Somalia’s president has signed a disputed law extending his mandate for two years, the state news agency reported, setting the Horn of Africa nation on a collision course with donors who strongly oppose the move.
Somalia, with only limited central government since 1991, is trying to rebuild with international help but the path back to stability has been obstructed by a political crisis caused by a failure to hold elections that were due in February.
President Mohamed Abdullahi Mohamed’s four-year term expired in February and his successor was meant to be chosen by a new crop of legislators. Uncertainty deepened after opponents accused Mohamed of packing regional and national election boards with his own supporters.
On Monday, the lower house of parliament passed legislation to extend Mohamed’s tenure by up to two years, the state news agency reported, citing Information Minister Osman Dubbe, and Mohamed signed the bill late on Tuesday.
But the decision was swiftly rejected by the upper chamber of the Mogadishu parliament, sowing confusion that could abet further attacks by extremist Al-Shabaab militants, who have been trying for years to topple the government.
On Wednesday, fourteen people died and four others were wounded when the minibus they were travelling in ran over a landmine on the outskirts of Somalia’s capital Mogadishu.
“We have confirmed that 14 people died and four others were wounded after a minibus travelling along the road between Mogadishu and Balcad ran over a landmine,” said Andikarim Mohamed, a government official from the south-central Hirshabelle region.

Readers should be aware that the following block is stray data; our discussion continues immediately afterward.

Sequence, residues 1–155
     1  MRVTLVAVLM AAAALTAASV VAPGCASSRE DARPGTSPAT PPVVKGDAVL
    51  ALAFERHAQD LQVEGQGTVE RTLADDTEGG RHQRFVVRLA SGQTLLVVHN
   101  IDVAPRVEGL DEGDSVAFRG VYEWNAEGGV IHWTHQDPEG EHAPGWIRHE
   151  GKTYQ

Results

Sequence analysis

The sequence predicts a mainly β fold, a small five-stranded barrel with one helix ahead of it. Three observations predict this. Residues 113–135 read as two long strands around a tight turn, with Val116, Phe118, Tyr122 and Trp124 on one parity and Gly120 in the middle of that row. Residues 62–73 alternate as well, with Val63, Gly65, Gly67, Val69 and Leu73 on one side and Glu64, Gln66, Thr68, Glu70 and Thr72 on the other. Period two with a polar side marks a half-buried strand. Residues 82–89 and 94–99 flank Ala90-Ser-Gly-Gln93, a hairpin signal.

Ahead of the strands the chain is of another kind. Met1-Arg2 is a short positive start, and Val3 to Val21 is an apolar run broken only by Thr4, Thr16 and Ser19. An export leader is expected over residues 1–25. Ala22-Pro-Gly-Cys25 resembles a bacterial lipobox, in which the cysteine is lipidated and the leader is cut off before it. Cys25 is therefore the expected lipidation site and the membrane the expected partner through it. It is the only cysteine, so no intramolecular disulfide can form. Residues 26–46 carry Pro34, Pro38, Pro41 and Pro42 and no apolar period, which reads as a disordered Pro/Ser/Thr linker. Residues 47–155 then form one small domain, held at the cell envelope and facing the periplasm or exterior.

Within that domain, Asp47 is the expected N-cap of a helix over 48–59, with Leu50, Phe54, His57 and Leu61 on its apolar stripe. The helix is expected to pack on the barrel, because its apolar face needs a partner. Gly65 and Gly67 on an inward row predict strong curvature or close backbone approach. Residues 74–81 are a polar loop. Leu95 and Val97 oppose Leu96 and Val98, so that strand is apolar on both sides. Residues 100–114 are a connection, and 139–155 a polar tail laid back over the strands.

The accident took place about 30 kilometers (18 miles) north of Mogadishu, in what Mohamed called a “horrible and evil act”.
Somali military commander Abshir Mohamed, who works in the area, blamed the incident on the Al-Qaeda-linked Al-Shabaab militants who carry out regular attacks in the country.
“The terrorists are indiscriminately targeting everybody. They planted the mine that had killed those innocent civilians who we were going about their businesses travelling,” he told state media.
Somalia’s main donors said they would not support any extension of the presidency’s term.
“(This) resolution undermines peace, security, and stability in Somalia and beyond,” international partners including the United Nations said in a joint statement. Other major backers including the United States also bemoaned the decision.
“The United States is deeply disappointed by the Federal Government of Somalia’s decision to approve a legislative bill that extends the mandates of the president and parliament by two years,” US Secretary of State Antony Blinken said.
“It will compel the United States to re-evaluate our bilateral relations with the (government) to include diplomatic engagement and assistance, and to consider all available tools, including sanctions and visa restrictions.”
A statement on Tuesday by Britain’s Minister for Africa James Duddridge also warned of unspecified consequences.
“In the absence of consensus leading to inclusive and credible elections being held without further delay, the international community’s relationship with Somalia’s leadership will change,” he said.